Sunday, May 22, 2011
Before diving into why this blog is dedicated to English for Speakers of Other Languages (ESOL) instruction, I would like to take a few sentences to tell my readers about myself. My name is Alfonse Athas. I am currently an English education student at a major university in Florida, and I will be entering my final internship this fall semester (2011). I have had multiple experiences in real classrooms, including an ESL classroom; however, I still consider myself “green.”
I have decided to create this blog, because I have an innate and strong, passionate interest in teaching English for Students of Other Languages (ESOL); however, during my time at my Floridian university, the second language acquisition instruction required of me seemed satisfactory until I entered an actual ESL classroom. During my time in the classroom, I soon discovered my university ESOL instruction did not translate into a real ESL classroom. Personally, I felt failure. Professionally, I was embarrassed. I soon discovered I was not alone in feeling my education in second language acquisition was less than satisfactory. My fellow peers voiced their same concerns as I have: “How am I going to teach students or other languages English, and how am I going to do it effectively?”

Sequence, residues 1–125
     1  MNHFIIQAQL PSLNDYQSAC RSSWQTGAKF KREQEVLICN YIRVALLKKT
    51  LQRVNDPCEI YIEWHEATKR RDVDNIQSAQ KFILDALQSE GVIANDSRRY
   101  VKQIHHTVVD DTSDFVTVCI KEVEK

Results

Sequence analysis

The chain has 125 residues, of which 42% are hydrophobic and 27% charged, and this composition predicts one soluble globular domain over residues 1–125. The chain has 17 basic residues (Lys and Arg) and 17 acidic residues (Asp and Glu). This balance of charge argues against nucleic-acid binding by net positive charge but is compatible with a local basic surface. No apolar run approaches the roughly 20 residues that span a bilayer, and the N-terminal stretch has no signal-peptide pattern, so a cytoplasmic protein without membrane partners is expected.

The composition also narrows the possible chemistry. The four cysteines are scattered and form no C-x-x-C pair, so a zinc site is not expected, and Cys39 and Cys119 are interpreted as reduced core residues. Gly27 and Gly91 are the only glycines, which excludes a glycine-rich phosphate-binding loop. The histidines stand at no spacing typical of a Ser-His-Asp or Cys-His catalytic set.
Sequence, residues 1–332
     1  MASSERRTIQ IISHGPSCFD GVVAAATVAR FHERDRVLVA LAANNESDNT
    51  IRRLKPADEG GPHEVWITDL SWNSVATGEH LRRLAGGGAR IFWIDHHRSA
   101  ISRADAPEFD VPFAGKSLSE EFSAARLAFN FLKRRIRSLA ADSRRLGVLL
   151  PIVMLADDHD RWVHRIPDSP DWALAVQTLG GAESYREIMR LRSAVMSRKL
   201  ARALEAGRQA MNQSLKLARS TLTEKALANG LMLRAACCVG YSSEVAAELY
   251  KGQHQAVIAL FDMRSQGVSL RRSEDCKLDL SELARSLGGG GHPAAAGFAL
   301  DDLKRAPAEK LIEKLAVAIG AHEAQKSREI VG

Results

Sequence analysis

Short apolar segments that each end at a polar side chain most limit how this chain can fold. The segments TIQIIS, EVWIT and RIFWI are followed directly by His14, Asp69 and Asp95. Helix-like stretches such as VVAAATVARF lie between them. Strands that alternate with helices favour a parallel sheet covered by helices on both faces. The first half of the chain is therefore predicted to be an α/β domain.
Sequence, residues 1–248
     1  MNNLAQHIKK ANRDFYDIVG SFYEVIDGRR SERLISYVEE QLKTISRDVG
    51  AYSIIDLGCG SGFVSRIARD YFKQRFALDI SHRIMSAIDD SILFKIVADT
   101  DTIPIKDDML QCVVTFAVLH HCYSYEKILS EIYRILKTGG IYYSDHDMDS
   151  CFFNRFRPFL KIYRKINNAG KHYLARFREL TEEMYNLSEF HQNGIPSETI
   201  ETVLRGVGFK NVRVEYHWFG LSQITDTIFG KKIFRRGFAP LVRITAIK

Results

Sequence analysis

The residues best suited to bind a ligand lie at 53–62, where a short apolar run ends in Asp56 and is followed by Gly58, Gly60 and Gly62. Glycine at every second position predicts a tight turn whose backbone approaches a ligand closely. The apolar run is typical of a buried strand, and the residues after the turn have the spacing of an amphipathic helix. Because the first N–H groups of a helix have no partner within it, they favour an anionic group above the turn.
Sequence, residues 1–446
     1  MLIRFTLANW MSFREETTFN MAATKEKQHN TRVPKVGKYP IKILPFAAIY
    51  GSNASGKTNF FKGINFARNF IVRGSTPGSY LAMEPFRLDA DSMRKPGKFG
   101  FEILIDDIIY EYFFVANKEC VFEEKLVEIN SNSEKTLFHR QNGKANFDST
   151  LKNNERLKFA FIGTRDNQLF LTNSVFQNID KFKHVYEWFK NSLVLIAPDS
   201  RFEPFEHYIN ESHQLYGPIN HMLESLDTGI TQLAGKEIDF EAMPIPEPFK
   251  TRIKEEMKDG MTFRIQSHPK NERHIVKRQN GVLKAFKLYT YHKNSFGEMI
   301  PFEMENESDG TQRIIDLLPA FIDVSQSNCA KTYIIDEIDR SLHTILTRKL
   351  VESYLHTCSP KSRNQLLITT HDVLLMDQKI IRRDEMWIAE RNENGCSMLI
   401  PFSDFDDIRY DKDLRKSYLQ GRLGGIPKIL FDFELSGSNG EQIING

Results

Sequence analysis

During the summer of 2011, I have been given an opportunity to form this blog and report my findings on various educational articles that deal with ESL instruction and methods. Even though my subject may not be “popular” or have a lot of public interest, I hope the information I present will help students, future teachers, teachers, and anyone else with an interest in ESL instruction obtain additional knowledge on various methods used in the second language acquisition field.
In addition, I would like to reiterate that I am a student, and like the teacher profession, I am continuously learning and trying to better my practice. Alluded previously, my real world experience is minimal; nevertheless, I hope to increase my pedagogic knowledge to better help me in a real classroom. I welcome comments, questions, ideas, concerns, and any discourse to help not only myself grow as a profession, but maybe to help other individuals with an interest in this subject to grow as well.